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Containers are often intended to solve a single, narrowly defined problem, such as a microservice, but in the real world, problems require multiple containers for a complete solution.

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We thought we’d give you our traditional 53 things to look for in advance of our What’s New in OpenStack Pike webinar, which is scheduled for September 7.

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Instead of large integrated releases after every OpenStack Foundation release, MCP DriveTrain enables you to consume some or all of the latest innovation without downtime.

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Cloud and agile are tools used to build a technology business.

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Jenkins is crucial for CI/CD. But how do you get it to build the app when changes are pushed to your GitHub repo? Here’s a simple explanation.

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Earlier this year, we here at Mirantis found ourselves in a situation where we needed to upgrade across two OpenStack releases.

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NFV makes it possible to do most of what the telcos were doing using specialized hardware, but with disaggregated network functions that can be adapted for new situations on COTS hardware.

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There are a lot of differences between OpenStack and Kubernetes, but one thing they both share is that setting them up is far from trivial.

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Virtlet is a Kubernetes CRI (Container Runtime Interface) implementation for running VM-based pods on Kubernetes clusters.

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We talked to Mariela Gagnon of Cre8Hires and consultant Jens Soldners about one of your greatest advantages: technical certifications.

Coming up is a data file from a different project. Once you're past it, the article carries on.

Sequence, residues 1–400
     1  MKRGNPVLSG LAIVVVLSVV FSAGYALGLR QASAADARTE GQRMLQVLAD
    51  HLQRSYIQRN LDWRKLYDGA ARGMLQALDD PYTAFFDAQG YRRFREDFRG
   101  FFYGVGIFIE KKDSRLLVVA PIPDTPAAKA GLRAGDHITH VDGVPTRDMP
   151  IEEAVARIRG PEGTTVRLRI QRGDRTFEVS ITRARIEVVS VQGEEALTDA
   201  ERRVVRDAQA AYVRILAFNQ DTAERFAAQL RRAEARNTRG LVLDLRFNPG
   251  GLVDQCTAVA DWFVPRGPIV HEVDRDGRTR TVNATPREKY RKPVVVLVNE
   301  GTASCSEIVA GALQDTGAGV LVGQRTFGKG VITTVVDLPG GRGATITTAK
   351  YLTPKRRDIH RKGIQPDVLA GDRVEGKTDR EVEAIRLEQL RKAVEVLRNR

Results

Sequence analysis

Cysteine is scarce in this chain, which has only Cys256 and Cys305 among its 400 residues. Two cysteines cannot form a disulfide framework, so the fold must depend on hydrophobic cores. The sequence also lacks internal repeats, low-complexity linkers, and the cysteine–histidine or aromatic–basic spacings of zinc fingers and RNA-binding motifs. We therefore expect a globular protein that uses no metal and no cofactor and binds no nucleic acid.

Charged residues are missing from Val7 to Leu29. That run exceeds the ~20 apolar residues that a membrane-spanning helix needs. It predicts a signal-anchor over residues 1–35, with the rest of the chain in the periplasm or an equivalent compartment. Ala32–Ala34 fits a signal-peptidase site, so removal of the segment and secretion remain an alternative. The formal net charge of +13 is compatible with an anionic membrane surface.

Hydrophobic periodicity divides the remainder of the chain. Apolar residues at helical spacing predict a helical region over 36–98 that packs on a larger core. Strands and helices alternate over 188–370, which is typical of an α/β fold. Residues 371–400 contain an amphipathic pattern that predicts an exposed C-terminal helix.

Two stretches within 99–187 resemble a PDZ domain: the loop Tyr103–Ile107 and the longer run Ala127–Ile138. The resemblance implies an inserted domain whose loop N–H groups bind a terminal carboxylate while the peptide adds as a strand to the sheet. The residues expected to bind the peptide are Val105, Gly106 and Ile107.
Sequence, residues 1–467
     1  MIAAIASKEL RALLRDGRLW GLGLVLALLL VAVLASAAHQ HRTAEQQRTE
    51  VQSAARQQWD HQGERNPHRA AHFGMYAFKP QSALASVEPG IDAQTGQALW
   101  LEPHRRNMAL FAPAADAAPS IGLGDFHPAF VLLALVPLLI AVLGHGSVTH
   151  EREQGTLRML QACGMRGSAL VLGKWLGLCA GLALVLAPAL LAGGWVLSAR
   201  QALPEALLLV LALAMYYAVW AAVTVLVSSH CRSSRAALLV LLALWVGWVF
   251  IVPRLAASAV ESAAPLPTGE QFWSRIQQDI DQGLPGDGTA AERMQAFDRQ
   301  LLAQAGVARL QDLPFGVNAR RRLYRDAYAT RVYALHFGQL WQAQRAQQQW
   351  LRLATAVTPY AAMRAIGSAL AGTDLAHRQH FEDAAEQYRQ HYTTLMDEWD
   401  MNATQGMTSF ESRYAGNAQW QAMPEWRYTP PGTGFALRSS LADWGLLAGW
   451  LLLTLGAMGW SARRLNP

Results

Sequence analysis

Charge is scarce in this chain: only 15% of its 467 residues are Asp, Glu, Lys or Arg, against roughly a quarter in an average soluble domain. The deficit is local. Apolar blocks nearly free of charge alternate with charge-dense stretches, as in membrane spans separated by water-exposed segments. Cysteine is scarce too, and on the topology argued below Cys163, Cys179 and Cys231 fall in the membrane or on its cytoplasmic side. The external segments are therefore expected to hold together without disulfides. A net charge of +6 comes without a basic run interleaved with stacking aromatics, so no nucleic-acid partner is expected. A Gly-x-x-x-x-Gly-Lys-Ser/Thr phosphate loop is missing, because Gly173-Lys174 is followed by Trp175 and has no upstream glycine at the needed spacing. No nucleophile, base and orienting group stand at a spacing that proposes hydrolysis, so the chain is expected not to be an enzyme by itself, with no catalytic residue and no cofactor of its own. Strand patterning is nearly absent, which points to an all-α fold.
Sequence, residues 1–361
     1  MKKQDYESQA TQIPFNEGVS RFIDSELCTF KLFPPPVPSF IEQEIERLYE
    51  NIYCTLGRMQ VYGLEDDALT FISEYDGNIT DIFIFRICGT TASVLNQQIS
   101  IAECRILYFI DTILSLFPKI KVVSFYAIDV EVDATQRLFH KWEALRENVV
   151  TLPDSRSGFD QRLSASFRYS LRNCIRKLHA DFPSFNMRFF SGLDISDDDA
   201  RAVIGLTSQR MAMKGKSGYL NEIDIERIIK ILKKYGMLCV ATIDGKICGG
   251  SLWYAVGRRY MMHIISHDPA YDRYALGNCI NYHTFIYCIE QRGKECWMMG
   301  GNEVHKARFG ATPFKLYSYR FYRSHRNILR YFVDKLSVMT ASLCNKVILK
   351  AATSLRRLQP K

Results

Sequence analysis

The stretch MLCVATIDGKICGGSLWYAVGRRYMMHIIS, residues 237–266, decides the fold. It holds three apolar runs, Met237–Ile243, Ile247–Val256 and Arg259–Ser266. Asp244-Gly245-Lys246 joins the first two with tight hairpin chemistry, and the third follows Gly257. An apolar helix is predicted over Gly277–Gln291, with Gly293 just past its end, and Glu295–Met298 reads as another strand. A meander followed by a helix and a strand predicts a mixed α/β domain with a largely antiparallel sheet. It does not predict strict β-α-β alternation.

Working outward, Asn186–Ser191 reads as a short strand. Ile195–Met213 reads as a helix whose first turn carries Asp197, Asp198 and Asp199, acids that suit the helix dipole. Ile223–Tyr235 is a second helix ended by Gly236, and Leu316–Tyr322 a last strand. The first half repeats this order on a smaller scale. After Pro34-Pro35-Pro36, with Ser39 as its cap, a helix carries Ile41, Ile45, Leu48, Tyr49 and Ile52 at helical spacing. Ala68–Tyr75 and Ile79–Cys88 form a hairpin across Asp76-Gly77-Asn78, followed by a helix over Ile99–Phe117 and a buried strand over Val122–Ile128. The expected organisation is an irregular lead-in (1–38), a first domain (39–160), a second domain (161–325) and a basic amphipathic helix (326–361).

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Telcos, multiple-system operators (MSOs i.e. cable & satellite providers), and network providers are under pressure on several fronts.

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Kubernetes 1.7 is out, focusing on production features such as security, extensibility, and stateful applications. Do you need it? Well, let’s look at what it does for you.

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If you’re not in the telecom business, you probably haven’t given much thought to the upcoming 5G standard, except perhaps to wonder when your phone will have faster data.

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Last week we spoke to Ryan Day about using Continuous Integration/Continuous Deployment (CI/CD) to keep not just your own software, but also externally produced software, up to date.

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The entire OPNFV stack, ultimately, serves one purpose: to run virtual network functions (VNFs) that in turn constitute network services.

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